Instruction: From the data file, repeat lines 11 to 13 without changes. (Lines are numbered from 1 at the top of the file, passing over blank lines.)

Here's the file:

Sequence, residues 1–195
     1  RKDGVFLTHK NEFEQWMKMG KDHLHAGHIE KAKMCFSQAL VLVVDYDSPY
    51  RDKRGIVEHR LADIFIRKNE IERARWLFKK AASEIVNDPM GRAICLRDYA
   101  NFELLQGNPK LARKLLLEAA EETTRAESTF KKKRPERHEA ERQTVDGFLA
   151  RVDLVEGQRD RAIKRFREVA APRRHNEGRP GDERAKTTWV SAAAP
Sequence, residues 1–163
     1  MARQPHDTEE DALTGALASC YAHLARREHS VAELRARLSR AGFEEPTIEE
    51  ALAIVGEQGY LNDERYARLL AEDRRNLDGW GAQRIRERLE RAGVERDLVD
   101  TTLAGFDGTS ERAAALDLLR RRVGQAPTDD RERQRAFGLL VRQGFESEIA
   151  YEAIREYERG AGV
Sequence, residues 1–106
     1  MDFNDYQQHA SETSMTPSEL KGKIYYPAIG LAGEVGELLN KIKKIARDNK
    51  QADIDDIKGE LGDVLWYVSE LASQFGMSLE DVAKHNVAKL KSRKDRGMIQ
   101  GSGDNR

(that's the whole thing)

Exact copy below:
Sequence, residues 1–106
     1  MDFNDYQQHA SETSMTPSEL KGKIYYPAIG LAGEVGELLN KIKKIARDNK
    51  QADIDDIKGE LGDVLWYVSE LASQFGMSLE DVAKHNVAKL KSRKDRGMIQ